How Not To Be Rude When Writing

When are the critical times when people may think your writing is rude?
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There will come a time in your life when you feel that things won’t go down the way you expect them to be. That kind of thing happens in the world of writing too. You hesitate just when you about to hit the Send button on the email app or the Submit button on a reply form. You just feel that it’s going to go downhill the moment you do it.


The Wrong Time to Write

Identifying the wrong time to write is critical especially in business. When things go wrong, it may not end with a little warning. You could lose your clients or your job.


Generally, you should be extra cautious about accidentally being rude when you’re upset and when you think you’ll upset others. Let’s elaborate on these two, shall we?


You’re upset

Feeling a bit stressed out in the office and thinking about writing in ALL CAPS to make a point? Don’t!


Take a deep breath and walk away from the keyboard. It’s too easy to write the wrong things when you’re mad. However, venting your anger is going to be counter-productive for both you and the one(s) you’re writing to.


Go for a walk to calm yourself or just do anything that gets you back on track. Remember, the other party may not even realize that they’ve made you mad. It’s possible they just having a bad day and it accidentally showed.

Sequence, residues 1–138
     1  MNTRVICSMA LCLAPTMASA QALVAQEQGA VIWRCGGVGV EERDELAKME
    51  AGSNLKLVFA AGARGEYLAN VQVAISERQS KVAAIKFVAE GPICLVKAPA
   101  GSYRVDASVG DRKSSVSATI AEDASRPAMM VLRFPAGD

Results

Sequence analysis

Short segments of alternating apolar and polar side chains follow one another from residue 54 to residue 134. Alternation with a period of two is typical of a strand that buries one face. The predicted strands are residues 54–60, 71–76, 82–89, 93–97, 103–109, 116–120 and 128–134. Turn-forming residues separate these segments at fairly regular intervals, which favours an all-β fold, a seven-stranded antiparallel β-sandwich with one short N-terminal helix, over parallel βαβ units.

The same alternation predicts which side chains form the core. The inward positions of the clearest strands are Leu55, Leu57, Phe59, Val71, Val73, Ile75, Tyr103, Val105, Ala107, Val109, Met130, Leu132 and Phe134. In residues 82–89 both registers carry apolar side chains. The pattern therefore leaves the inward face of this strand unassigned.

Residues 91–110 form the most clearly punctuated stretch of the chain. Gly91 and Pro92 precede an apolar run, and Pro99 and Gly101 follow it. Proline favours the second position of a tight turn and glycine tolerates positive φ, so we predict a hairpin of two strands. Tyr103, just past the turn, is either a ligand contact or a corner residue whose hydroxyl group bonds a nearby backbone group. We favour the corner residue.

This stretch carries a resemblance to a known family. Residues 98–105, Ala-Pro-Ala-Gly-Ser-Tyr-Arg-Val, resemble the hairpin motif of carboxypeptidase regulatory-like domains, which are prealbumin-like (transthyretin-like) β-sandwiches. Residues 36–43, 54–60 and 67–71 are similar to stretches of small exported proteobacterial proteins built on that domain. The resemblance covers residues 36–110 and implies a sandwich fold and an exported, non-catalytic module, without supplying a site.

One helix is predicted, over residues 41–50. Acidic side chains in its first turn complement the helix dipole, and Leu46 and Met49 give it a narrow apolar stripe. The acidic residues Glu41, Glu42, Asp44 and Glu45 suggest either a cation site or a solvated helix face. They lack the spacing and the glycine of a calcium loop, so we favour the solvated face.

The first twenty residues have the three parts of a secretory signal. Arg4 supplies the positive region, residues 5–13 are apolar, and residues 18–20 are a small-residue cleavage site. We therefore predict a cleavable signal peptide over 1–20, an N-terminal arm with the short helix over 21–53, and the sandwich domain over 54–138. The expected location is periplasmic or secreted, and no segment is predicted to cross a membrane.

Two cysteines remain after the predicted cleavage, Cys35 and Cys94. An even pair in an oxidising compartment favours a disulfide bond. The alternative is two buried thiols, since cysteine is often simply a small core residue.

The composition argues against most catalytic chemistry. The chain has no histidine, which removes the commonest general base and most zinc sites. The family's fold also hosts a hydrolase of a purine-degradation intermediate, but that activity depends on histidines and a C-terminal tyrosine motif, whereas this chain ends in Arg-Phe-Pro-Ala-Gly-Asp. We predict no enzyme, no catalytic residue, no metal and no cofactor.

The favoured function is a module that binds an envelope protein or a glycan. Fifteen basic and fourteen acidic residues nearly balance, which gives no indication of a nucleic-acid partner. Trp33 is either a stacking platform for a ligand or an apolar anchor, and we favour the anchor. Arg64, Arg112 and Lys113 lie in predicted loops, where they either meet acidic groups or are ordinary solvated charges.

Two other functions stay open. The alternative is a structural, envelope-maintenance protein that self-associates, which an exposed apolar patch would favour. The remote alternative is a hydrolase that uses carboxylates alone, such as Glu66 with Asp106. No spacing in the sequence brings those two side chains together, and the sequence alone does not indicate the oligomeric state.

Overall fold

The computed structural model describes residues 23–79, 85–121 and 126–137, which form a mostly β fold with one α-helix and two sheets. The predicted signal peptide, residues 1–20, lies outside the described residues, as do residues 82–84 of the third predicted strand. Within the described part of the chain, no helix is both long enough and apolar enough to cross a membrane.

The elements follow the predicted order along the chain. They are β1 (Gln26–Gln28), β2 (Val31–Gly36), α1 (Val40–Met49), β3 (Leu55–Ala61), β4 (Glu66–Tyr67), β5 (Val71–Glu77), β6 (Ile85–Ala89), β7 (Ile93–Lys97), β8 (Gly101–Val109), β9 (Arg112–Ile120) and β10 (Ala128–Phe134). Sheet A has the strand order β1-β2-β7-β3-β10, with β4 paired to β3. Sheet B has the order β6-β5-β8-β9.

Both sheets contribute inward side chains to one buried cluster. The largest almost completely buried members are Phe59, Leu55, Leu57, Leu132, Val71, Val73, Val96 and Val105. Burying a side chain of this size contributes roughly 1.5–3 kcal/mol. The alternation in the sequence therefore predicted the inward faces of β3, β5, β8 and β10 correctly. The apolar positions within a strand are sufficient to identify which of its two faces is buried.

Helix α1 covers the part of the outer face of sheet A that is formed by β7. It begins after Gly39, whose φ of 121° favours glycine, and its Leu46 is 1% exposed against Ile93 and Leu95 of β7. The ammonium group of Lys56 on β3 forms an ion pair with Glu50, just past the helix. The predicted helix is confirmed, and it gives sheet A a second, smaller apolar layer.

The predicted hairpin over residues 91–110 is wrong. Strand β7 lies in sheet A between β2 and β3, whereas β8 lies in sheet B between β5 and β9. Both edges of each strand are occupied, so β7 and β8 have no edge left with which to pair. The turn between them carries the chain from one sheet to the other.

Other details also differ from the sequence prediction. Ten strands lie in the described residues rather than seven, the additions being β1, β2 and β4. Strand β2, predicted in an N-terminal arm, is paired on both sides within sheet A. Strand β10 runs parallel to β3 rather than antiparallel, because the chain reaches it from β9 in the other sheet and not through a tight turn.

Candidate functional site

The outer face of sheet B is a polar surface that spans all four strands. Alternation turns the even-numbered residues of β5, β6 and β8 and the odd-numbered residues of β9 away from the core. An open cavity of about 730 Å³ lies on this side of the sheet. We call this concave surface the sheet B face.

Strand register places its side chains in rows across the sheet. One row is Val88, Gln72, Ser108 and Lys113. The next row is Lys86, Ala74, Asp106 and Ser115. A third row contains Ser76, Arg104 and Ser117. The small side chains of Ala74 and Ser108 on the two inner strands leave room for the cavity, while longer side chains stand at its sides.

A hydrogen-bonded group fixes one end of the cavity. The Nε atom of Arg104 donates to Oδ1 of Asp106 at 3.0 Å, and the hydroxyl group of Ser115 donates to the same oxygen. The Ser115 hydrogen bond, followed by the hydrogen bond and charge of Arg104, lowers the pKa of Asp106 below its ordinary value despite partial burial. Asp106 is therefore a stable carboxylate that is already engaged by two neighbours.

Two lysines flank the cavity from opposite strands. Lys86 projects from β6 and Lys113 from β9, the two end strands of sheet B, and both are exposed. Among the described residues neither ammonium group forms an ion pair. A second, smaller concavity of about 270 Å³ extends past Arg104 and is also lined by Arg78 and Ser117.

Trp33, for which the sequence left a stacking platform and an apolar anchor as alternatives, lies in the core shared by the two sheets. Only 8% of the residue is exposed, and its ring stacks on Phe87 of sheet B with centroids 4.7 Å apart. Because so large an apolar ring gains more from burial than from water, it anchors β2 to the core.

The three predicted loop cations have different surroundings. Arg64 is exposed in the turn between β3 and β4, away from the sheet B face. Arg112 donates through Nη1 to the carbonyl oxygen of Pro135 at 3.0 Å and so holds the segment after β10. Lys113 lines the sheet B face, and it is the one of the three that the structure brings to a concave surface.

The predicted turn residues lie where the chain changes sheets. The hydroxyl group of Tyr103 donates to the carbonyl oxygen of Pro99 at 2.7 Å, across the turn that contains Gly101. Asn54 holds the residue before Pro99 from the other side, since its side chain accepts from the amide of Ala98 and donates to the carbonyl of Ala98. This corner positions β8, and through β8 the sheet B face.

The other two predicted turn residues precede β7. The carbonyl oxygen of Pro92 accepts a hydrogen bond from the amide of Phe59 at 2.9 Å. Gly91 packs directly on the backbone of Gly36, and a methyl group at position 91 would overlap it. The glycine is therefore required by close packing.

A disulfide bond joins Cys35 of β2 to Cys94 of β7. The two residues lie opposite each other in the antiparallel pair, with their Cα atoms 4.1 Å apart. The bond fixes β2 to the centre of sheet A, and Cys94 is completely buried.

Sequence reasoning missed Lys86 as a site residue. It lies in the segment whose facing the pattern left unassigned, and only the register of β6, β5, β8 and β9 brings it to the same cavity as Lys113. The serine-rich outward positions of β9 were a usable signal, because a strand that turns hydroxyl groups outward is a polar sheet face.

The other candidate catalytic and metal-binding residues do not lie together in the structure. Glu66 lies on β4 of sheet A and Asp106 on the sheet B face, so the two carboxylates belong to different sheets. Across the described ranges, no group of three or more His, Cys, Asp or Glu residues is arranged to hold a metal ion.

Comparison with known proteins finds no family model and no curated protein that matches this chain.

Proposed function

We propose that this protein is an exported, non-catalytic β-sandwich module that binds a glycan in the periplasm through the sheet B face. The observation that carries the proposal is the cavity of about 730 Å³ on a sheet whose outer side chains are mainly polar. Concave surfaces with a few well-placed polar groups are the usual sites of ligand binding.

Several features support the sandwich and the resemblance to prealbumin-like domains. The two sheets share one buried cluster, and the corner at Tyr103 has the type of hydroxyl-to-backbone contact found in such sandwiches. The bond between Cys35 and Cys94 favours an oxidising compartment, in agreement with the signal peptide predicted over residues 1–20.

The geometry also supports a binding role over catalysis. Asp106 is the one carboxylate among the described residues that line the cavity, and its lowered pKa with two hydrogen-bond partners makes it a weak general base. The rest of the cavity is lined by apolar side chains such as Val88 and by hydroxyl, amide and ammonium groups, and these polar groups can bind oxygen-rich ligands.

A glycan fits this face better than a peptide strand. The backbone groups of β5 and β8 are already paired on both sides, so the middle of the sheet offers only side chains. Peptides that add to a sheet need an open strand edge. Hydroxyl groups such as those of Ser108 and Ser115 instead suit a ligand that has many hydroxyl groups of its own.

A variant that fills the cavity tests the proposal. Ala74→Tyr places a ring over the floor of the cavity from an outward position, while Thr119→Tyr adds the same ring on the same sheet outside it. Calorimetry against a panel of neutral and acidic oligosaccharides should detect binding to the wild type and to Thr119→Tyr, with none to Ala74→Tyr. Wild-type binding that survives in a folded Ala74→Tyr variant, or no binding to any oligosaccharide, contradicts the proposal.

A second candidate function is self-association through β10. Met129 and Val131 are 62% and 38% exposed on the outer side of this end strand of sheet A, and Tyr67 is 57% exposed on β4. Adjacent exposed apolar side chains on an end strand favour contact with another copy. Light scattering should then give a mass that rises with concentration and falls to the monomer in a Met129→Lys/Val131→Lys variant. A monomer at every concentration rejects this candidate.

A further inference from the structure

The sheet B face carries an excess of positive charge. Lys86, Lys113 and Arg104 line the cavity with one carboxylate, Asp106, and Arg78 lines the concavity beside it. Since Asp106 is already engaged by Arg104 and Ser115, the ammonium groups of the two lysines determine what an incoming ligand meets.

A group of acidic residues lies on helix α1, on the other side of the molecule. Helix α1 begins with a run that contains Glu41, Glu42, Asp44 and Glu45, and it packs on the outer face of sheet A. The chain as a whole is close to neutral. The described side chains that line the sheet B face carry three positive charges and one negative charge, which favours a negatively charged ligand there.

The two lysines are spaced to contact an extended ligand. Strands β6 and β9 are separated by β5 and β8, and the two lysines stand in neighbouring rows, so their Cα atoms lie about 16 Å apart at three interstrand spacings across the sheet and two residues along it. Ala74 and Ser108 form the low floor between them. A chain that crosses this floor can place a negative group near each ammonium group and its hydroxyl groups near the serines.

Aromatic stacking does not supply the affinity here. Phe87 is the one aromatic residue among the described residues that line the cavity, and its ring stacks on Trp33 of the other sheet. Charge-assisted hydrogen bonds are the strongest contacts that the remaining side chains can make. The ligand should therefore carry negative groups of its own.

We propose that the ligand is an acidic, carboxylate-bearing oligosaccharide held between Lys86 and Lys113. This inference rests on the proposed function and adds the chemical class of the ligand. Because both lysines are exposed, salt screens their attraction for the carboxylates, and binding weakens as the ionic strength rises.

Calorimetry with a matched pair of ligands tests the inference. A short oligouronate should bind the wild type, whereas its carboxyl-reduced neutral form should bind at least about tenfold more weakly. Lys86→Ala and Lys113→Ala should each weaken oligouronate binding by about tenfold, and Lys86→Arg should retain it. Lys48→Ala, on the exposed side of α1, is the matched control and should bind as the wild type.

Be sure to be courteous as you write and use positive tones. That way you won’t come out as asking for a fight.


You should also check your writing for possible misspellings. Any typo you make can and will be used against you. Not in court of law, but quite possibly in your supervisor’s office.

You think you’ll upset others

Yep, this one ties heavily with the first. Even when you’re not angry at all, it’s still possible to come across as rude and condescending. People can’t see your facial expression through writing nor hear the tone of your voice.


When you’re responsible for replying to angry customers, for example, it’s best to avoid any wording that “blames” the customer. Acknowledge their frustration and let them know you understand how they feel. Assure them you will find the best solution there is.


If you don’t have enough information to handle the customer’s issue, be upfront about it. It’s better than wild-guessing what to do about the matter.


One thing to keep in mind is you can’t please everyone. You can do your best not to offend too many people, but some people are born to be offended. Don’t sweat it too much.